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Hybrid Solutions: High Savings

Hybrid Solutions: High Savings | 2020-11-04 | Walls & Ceilings This website requires certain cookies to work and uses other cookies to help you have the best experience. By visiting this website, certain cookies have already been set, which you may delete and block. By closing this message or continuing to use our site, you agree to the use of cookies. Visit our updated privacy and cookie policy to learn more. This Website Uses CookiesBy closing this message or continuing to use our site, you agree to our cookie policy. Learn More This website requires certain cookies to work and…

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How to Design Building Electrification Programs That Work

As policymakers in several states realize the importance of efficient electrification of the country’s buildings to fight climate change, the next question that needs answering is how to help Americans upgrade to healthier, more efficient appliances that are powered with increasingly clean electricity. A series of webinars recently hosted by the Natural Resources Defense Council showcased three programs that are already blazing the way forward on building electrification. Best practices from these early efforts should be incorporated into the many building electrification programs that are being designed and launched in the coming months. America’s electric grid continues to get cleaner…

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The BS* + Beer Show: Scary Building Failures

This episode of the BS* + Beer show features guests Michael Anschel and Carl Seville, a.k.a. The Green Police. (“One is mental. The other is a curmudgeon.”) Halloween is the theme and “Scary Building Failures” is the topic. Suffice it to say, much silliness ensues. And, of course, there are some great building lessons to be gleaned from the duo’s vault of disasters. “Penetration nightmares,” missing overhangs, “insulating” paints, illegal use of flex duct, no kick-out flashing, white roofs, and combustion appliances are just a few of the scenarios discussed. Michael rails against the Passive House standard, wood furring strips,…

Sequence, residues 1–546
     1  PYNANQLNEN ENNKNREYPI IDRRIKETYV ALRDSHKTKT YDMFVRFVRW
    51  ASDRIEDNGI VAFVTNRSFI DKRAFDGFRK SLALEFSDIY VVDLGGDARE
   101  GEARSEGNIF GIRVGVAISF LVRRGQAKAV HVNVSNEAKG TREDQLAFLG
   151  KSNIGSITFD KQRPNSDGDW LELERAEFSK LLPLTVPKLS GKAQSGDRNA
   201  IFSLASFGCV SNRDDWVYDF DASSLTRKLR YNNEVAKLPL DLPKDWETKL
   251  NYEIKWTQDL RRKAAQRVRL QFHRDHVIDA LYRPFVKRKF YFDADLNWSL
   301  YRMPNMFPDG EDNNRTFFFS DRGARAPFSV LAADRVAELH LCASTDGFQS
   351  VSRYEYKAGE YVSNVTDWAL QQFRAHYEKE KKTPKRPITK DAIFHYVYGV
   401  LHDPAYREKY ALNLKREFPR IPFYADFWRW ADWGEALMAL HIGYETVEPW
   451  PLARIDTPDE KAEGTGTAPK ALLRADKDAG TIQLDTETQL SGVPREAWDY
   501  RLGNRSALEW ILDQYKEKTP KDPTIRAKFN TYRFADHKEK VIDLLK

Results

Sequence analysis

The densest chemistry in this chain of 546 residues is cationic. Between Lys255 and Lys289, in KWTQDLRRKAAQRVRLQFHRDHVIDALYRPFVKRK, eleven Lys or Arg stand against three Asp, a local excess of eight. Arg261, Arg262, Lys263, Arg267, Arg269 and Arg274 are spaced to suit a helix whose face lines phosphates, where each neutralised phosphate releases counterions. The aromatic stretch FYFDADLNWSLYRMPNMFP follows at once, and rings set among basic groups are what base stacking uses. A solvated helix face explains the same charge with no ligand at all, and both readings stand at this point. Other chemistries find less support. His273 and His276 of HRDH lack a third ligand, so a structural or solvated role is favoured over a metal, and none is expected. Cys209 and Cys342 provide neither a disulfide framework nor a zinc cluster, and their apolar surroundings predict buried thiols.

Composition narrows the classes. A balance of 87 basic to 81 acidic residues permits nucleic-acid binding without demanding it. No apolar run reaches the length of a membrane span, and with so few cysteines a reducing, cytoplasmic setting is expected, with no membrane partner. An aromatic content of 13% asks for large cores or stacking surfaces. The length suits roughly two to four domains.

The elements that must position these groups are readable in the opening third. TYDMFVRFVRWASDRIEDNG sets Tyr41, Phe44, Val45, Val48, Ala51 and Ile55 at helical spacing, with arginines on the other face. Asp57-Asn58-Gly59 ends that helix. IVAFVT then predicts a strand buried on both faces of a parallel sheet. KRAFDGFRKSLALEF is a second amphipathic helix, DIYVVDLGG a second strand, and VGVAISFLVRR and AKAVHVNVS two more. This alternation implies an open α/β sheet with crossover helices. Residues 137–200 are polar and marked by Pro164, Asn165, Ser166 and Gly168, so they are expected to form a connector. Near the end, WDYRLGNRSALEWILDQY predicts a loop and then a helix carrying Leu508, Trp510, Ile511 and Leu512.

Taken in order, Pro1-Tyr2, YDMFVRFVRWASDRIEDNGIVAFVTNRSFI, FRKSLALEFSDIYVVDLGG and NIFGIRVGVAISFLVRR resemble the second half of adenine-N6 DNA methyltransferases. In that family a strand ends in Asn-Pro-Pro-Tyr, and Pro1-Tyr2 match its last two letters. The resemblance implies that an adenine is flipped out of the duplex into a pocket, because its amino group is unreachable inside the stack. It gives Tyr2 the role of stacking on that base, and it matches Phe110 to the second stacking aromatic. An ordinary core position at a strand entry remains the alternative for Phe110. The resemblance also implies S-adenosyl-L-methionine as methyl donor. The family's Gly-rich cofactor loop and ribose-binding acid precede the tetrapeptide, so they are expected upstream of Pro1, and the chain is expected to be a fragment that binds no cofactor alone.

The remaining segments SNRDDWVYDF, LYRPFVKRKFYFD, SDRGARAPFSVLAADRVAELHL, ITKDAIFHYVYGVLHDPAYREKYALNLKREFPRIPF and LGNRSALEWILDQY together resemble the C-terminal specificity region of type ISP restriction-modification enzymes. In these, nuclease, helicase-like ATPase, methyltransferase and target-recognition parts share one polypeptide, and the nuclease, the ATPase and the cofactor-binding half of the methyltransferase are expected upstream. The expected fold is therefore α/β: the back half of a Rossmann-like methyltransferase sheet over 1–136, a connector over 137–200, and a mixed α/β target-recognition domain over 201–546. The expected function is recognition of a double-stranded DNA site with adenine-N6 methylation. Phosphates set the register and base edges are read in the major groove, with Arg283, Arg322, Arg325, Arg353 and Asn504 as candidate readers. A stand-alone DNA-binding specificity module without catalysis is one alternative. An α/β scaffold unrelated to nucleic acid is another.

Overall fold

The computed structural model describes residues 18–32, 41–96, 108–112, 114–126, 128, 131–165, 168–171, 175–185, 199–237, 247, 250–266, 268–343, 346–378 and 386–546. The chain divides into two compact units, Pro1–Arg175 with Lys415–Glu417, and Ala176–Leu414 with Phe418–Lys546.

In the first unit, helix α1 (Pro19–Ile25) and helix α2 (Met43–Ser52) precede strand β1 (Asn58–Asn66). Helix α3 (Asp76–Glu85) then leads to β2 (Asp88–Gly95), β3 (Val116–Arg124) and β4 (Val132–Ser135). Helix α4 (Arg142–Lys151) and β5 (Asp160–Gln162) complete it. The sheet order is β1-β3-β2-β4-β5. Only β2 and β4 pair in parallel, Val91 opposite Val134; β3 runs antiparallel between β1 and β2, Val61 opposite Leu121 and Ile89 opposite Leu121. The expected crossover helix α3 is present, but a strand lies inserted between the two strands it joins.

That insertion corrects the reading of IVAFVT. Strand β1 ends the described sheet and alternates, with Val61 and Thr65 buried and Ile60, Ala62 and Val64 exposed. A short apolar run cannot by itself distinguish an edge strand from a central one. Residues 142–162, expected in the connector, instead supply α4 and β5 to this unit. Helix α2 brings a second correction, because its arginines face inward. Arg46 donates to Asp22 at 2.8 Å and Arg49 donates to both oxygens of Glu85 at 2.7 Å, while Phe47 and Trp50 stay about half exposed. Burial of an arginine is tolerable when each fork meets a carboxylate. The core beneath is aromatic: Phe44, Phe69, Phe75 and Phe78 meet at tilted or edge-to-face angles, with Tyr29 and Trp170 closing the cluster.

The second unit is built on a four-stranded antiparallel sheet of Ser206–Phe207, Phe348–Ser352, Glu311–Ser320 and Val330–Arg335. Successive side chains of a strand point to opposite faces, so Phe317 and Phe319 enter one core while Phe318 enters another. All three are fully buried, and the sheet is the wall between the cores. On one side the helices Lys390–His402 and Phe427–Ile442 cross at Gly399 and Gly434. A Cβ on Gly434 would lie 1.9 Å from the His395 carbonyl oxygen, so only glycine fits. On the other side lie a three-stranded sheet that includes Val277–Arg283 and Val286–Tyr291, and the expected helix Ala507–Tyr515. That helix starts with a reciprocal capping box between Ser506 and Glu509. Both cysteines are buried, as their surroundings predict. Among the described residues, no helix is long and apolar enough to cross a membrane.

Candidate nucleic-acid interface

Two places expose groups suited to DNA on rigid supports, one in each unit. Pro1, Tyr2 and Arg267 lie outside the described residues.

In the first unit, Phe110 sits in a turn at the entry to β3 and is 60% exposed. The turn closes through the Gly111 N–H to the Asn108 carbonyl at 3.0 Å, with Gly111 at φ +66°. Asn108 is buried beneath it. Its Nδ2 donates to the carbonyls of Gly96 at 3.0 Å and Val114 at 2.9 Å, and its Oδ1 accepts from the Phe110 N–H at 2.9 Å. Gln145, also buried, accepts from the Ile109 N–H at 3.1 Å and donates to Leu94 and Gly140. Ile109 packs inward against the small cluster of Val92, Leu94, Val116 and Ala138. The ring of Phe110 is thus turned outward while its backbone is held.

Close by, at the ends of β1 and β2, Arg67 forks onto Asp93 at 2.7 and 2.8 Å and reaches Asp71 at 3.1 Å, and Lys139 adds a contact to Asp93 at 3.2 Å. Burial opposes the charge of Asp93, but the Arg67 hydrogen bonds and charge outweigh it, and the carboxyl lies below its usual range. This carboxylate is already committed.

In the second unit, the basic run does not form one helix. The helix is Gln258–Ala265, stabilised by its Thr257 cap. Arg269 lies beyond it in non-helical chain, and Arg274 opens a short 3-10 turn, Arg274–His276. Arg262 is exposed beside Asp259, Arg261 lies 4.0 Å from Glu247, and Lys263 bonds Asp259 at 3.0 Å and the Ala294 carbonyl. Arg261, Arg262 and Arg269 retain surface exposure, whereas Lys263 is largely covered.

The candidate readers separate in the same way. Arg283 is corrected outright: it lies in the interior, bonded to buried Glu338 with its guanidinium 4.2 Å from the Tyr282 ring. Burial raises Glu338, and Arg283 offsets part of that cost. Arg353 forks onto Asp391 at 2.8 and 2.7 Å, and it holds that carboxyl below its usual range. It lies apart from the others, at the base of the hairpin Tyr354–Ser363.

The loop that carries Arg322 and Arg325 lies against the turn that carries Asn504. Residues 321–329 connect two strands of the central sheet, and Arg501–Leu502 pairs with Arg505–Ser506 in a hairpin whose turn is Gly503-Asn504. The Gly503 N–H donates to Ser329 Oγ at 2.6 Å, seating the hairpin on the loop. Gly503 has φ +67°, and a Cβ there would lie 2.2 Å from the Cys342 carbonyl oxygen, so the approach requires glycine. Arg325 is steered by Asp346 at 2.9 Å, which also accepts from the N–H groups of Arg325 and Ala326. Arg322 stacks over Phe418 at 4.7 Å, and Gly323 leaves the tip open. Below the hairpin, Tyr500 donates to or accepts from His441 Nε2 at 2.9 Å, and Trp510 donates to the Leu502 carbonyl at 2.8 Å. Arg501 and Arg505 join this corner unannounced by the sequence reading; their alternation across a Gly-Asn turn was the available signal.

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Using a Blower Door for Zonal-Pressure Testing 

By now, most of us working in the green-building industry know what a blower door is. It’s a tool to measure the air tightness of a house. I’ve owned my Minneapolis Blower Door since 2009. Many states have adopted mandatory tightness testing on all new construction. In my area—Grand Rapids, Minn.—the minimum is three air changes per hour at 50 Pascals (3ACH50), most new homes I test are around 2ACH50. Test results for existing homes vary widely. Some would pass today’s requirements, while others I have tested were as high as 20ACH50. Finding air leaks in these older homes can…

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Hemp’s Promising Future in Construction

This post originally appeared at Ensia. It has become almost a cliché to discuss the benefits of hemp, the supposed wonder plant with almost endless uses—from woven fibers to edible seeds to bioplastics. “Of course, hemp is that magic crop that does everything,” says Nicholas Carter, an environmental researcher who, along with Tushar Mehta, a Toronto-based doctor, runs the website Plant Based Data. His work involves reading through scientific papers and studies and summarizing the most important work supporting plants as a source of food and other important uses. Given the hype, Carter wondered just how much power hemp really…

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The BS* + Beer Show: Finding (or Making) Skilled Tradespeople

This episode of the BS* + Beer Show features guests Kate Stephenson, Bob Kovacs, and Heather Thompson talking about recruiting people into the trades. Bob believes exposing young people to trade professionals is key to developing the next-generation workforce. Kate feels adult training and certification programs provide a path for people looking to make a career change. Heather is a proponent of in-house trainings. There is discussion around leveraging the prohibitive cost of college to make the trades a viable alternative. The hiring process is considered as a possible deterrent for women entering the field, which leads to talk about…

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